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Smithsonian / USGS Weekly Volcanic Activity Report

Weekly Volcanic Activity Map

The Weekly Volcanic Activity Report is a cooperative project between the Smithsonian's Global Volcanism Program and the US Geological Survey's Volcano Hazards Program. Updated by 2300 UTC every Wednesday and averaging 16 reported volcanoes, this is not a comprehensive list of all eruptions this week, but rather a summary of activity that meet criteria discussed in the "Criteria and Disclaimers" section below.

Volcanic activity reported here is preliminary and subject to change. Carefully reviewed, detailed narratives over longer time periods are published as reports of the Bulletin of the Global Volcanism Network available through volcano profile pages.

Smithsonian / USGS Weekly Volcanic Activity Report for the week of 7 September-13 September 2011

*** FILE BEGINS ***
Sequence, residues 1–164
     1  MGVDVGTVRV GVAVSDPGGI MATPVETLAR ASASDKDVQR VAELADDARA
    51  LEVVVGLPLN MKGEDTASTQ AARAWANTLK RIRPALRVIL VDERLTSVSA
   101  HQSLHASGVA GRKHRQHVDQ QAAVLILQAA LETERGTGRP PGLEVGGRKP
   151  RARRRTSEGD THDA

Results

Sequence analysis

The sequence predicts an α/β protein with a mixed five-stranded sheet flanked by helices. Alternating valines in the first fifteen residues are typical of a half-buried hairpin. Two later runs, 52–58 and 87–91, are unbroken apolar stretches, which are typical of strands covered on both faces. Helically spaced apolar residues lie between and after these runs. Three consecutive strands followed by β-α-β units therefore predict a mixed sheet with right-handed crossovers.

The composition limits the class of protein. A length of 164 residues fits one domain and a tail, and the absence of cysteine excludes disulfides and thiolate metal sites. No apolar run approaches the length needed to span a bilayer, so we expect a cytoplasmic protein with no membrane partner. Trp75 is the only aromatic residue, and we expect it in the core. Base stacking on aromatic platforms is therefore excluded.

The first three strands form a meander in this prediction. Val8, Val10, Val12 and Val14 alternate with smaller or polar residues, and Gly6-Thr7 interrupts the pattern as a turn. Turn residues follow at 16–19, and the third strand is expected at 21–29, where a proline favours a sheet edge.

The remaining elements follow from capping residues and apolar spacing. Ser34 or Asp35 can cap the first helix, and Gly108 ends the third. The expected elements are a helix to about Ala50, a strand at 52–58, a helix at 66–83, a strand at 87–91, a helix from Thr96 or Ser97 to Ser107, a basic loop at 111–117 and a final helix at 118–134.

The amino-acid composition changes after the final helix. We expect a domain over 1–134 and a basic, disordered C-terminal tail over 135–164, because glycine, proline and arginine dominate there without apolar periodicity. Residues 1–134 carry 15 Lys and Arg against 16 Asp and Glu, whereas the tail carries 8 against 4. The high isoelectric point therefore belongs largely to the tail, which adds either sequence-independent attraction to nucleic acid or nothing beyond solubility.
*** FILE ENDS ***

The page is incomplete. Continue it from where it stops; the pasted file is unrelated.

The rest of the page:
Name Location Eruption Start Date Report Status
Cleveland Chuginadak Island (USA) New
Etna Sicily (Italy) 2013 Sep 3 New
Hierro Spain New
Ibu Halmahera (Indonesia) 2008 Apr 5 New
Merapi Central Java (Indonesia) 2020 Dec 31 New
Ranakah Flores Island (Indonesia) New
Soputan Sulawesi (Indonesia) New
Tambora Sumbawa Island (Indonesia) New
Aira Kyushu (Japan) 2017 Mar 25 Continuing
Batu Tara Komba Island (Indonesia) Continuing
Dukono Halmahera (Indonesia) 1933 Aug 13 Continuing
Karymsky Eastern Kamchatka (Russia) 2021 Apr 3 Continuing
Kilauea Hawaiian Islands (USA) Continuing
Kizimen Eastern Kamchatka (Russia) Continuing